Teva Pharmaceutical Industries Ltd. helped mastermind a sweeping conspiracy among generic drugmakers to raise prices for medicines, according to a new antitrust lawsuit filed by states that stems from a five-year investigation of the companies.

More than a dozen current and former executives at top generic-drug makers, including Mylan NV and a unit of Pfizer Inc., were sued on Friday by more than 40 states led by Connecticut Attorney General William Tong.

"We have hard evidence that shows the generic drug industry perpetrated a multi-billion dollar fraud on the American people," Tong said in a statement Friday. "We all wonder why our health care, and specifically the prices for generic prescription drugs, are so expensive in this country - this is a big reason why."

The lawsuit accuses the drugmakers of inflating the prices of more than 100 different drugs, significantly broadening a 2016 complaint. In addition to the states, the Justice Department's antitrust division is conducting a criminal investigation. The unit's chief said last week that charges would be filed, without specifying timing.

The states say the pharmaceutical companies conspired with one another to fix prices and carve up markets for medicines among themselves, rather than compete on price. Executives used industry dinners, cocktail parties and golf outings to perpetuate the scheme, in addition to communicating through text messages and telephone calls, the complaint said. Novartis AG's Sandoz, Teva's Actavis unit, and Taro Pharmaceutical Industries Ltd. are also named in the complaint.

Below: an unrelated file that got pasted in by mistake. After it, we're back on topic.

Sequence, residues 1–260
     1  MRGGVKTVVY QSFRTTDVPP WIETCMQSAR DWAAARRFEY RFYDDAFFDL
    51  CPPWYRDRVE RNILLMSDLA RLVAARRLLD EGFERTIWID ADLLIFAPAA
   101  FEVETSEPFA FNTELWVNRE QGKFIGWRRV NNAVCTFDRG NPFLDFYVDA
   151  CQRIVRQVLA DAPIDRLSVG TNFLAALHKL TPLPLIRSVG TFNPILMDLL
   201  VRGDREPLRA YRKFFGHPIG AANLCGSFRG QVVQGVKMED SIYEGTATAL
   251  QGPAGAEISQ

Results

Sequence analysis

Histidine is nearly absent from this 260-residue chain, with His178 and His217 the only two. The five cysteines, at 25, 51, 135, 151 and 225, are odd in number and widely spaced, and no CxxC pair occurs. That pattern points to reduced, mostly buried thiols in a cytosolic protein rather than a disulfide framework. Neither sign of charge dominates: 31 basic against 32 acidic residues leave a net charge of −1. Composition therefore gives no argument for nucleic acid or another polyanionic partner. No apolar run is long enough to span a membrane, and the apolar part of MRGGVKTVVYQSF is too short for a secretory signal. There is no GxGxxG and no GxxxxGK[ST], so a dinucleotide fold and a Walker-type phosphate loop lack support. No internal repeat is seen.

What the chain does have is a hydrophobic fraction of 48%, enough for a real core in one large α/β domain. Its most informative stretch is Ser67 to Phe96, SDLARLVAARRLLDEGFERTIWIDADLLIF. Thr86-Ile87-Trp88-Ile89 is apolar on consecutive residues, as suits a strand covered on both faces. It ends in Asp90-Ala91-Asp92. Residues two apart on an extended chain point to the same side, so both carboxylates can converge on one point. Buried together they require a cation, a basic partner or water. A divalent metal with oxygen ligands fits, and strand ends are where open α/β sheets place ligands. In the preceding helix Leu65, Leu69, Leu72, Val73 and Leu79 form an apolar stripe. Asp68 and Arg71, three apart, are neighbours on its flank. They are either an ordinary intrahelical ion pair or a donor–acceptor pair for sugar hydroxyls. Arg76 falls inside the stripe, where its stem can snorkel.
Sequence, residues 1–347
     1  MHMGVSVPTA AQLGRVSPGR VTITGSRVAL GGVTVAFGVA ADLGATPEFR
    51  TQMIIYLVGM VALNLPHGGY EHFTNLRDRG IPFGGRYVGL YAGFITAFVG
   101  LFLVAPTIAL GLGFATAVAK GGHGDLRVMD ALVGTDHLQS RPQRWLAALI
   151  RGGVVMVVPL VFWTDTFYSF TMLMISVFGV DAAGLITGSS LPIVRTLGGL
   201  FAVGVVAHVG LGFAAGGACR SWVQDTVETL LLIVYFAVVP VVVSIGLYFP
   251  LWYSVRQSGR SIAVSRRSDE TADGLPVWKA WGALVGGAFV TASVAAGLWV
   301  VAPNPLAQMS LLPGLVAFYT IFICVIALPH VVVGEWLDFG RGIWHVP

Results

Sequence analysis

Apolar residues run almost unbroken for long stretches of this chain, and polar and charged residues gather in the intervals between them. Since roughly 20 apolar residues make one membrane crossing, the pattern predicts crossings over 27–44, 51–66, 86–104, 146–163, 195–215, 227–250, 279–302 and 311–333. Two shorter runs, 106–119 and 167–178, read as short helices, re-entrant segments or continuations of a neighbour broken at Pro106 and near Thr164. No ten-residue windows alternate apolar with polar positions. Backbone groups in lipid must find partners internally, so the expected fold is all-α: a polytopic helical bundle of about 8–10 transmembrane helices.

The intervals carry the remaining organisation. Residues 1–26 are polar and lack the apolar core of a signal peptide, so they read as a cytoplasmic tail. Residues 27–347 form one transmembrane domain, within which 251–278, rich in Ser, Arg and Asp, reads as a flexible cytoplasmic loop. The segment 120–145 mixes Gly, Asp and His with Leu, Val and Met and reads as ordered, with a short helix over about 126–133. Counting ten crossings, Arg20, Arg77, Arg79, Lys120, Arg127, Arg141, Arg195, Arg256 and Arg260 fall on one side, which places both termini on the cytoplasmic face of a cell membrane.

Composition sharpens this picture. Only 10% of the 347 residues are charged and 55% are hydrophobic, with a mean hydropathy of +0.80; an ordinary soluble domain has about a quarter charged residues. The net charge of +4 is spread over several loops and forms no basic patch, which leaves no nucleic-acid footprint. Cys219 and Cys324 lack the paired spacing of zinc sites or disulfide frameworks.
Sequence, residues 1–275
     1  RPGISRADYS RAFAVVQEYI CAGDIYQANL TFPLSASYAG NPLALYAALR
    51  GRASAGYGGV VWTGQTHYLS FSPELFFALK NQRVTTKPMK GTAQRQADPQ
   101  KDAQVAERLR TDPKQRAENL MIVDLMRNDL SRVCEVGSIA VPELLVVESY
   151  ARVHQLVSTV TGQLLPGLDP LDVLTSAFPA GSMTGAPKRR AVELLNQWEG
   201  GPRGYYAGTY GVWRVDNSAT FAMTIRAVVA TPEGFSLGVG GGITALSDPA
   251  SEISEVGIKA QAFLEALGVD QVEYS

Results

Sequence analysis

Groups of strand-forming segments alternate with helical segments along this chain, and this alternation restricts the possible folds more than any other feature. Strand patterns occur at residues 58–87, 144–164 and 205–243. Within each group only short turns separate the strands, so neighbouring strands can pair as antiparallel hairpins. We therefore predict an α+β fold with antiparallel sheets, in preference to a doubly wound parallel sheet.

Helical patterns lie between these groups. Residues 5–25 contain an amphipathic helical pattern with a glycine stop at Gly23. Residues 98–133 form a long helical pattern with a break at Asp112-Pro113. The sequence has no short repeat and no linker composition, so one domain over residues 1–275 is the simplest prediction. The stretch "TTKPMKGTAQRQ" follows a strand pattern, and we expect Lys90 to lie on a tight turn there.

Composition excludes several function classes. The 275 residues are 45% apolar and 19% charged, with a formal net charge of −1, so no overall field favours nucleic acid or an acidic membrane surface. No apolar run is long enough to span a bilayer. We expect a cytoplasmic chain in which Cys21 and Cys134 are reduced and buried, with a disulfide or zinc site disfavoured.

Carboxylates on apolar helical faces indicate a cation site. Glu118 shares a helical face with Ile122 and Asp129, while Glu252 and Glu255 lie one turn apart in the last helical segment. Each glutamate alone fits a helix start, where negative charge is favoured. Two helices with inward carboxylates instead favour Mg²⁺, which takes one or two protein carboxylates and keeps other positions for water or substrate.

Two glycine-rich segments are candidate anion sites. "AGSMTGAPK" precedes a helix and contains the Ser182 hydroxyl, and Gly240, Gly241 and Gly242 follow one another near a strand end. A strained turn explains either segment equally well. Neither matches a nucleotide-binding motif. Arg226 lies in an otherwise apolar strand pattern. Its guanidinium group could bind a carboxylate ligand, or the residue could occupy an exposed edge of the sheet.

The executives named in the complaint are upper-level sales and marketing managers including Maureen Cavanaugh, a former senior vice president for Teva, who is now at Lannett Co., according to the company's website. James Nesta, Mylan's vice president of sales and David Rekenthaler, a former vice president of sales at Teva who is now at Apotex Inc., according to his LinkedIn profile, are also named as defendants.

Mylan president Rajiv Malik was named in a separate complaint filed by state attorneys general in 2017. That complaint is still pending.

Representatives for the companies didn't respond to requests for comment after regular business hours on Friday evening. Cavanaugh, Nesta and Rekenthaler didn't immediately respond to messages sent through LinkedIn.

The complaint puts Teva at the center of the conspiracy, saying it colluded with a core group of competitors to follow each other's price increases. During a 19-month period from 2013 to 2015, Teva significantly raised prices on about 112 different generic drugs. and colluded with its competitors on at least 86 medicines, the states said. While the size of the increases varied, some were more than 1,000%.

"Teva is a consistent participant in the conspiracies identified in this complaint, but the conduct is pervasive and industry-wide," according to the complaint, which was filed in federal court in Connecticut. "Through its senior-most executives and account managers, Teva participated in a wide-ranging series of restraints with more than a dozen generic drug manufacturers, all of whom knowingly and willingly participated."

The states are seeking unspecified damages and penalties from the companies.